We are in the midst of a dramatic change in what computer systems look like. Our traditional view of computer systems composed of the CPU, main memory, and very slow storage device has recently be challenged with the advent of SSDs. Today, with the advent of nonvolatile memory, we are, possibly,
anticipating an even more dramatic change in what computers of the future will look like. In this talk, I will discuss the happenings on system software research related to nonvolatile memory. In the process, I will share experiences and results from some recent work that we, at the NECSST (Nextgeneration
Embedded/Computer System Software Technology) lab, have been conducting in regards to SSDs and nonvolatile memory. In particular, some of the topics that I wish to cover (time permitting and subject to change) are SSD array configurations for network attached storage systems, empirical observations on a nonvolatile based system, an indexing structure for nonvolatile memory, and file systems and a persistency model for nonvolatile memory based systems.
Sam H.(Hyuk) Noh received the BS degree in computer engineering from the Seoul National University, Seoul, Korea, in 1986, and the PhD degree from the Department of Computer Science, University of Maryland, College Park, MD, in 1993. He held a visiting faculty position at the George Washington University,Washington, DC, from 1993 to 1994 before joining HongIk University, Seoul, Korea, where he was a professor in the School of Computer and Information Engineering until the Spring of 2015. Starting from the Fall of 2015 he joined UNIST (Ulsan National Institute of Science and Technology), a young Science and Tech focussed national university, where he is a Professor and Head of the School of Electrical and Computer Engineering. From August 2001 to August 2002, he was also a visiting associate professor with the University of Maryland Institute of Advanced Computer Studies (UMIACS), College Park, MD.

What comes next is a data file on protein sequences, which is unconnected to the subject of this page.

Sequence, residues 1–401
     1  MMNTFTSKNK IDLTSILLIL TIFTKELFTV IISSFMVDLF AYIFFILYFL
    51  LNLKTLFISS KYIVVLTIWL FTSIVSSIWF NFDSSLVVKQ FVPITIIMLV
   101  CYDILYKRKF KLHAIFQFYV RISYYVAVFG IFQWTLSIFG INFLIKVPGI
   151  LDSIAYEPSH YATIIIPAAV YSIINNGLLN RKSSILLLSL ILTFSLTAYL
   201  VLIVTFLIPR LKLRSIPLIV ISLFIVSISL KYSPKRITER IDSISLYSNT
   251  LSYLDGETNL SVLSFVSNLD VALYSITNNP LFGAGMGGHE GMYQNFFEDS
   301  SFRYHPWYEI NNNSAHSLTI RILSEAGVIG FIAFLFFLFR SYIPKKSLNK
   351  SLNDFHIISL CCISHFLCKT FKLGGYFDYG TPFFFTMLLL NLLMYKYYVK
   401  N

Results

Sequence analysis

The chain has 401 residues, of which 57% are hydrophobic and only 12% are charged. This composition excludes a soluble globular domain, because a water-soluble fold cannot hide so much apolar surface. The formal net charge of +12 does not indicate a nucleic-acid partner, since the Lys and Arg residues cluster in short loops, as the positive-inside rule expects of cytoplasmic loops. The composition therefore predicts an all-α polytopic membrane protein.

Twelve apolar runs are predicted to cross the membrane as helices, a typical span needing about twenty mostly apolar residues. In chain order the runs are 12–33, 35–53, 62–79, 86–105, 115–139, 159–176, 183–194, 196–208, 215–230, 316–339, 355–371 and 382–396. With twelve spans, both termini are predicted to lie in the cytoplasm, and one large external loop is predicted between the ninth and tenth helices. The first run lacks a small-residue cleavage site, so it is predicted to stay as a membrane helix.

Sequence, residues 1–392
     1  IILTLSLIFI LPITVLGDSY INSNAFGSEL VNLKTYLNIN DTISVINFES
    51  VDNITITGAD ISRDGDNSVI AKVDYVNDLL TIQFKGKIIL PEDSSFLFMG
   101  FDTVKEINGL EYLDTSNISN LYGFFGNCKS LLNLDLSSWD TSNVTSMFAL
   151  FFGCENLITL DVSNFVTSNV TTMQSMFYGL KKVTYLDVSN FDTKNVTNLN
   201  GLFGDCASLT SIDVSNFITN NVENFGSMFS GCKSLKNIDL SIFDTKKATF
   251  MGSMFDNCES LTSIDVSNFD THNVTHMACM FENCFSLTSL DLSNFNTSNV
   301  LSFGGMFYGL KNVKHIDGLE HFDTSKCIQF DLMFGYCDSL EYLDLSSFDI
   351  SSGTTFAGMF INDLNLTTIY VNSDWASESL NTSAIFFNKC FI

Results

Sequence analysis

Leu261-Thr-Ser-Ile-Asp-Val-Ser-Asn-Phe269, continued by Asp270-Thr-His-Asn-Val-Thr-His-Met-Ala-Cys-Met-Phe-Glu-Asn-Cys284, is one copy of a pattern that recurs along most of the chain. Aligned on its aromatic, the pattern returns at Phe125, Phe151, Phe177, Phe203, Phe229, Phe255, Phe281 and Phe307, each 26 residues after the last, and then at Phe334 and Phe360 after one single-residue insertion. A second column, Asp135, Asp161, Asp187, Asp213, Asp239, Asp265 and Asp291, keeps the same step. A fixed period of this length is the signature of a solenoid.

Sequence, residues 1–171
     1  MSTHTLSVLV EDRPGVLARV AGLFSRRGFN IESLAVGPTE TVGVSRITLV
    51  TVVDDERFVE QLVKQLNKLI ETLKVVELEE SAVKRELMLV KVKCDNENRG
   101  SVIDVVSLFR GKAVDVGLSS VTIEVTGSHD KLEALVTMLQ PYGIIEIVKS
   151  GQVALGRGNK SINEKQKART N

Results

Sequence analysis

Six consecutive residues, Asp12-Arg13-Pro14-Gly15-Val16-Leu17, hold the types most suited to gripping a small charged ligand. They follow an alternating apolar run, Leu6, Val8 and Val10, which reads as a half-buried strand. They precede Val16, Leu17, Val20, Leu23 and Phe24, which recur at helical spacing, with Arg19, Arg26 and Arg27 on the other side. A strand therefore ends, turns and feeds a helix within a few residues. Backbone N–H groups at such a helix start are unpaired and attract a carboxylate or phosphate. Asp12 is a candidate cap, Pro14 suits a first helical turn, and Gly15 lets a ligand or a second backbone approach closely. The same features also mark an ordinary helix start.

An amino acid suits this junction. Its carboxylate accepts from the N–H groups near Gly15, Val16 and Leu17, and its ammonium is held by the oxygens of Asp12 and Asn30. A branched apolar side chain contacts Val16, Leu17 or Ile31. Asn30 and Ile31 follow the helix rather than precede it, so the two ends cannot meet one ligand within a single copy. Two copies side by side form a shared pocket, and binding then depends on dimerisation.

He has served as General Chair, Program Chair, and Program Committee Member on a number of technical conferences and workshops including the ACM Operating Systems Design and Implementation (OSDI: 2016), ACM Architectural Support for Programming Languages and Operating Systems (ASPLOS: 2018(ERC), 2016), USENIX HotStorage (2016 (co-chair), 2015), USENIX Conference on File and Storage Technologies (FAST: 2018, 2017, 2016, 2105, 2014, 2013), Eurosys (2018), ACM SIGPLAN Conference on Languages, Compilers, and Tools for Embedded Systems (LCTES: 2015), IEEE International Conference on Parallel and Distributed Systems (ICPADS: 2013), and International World Wide Web (WWW: 2003) Conference. He has also been serving as Editor-in-Chief of the ACM Transactions on Storage since the summer of 2016.
His current research interests include operating system issues pertaining to embedded/computer systems with a focus on the use of new memory technologies such as flash memory and persistent memory. He is a member of the ACM, IEEE (Senior), USENIX, and KIISE. (E-mail: samhnoh at unist dot ac dot kr)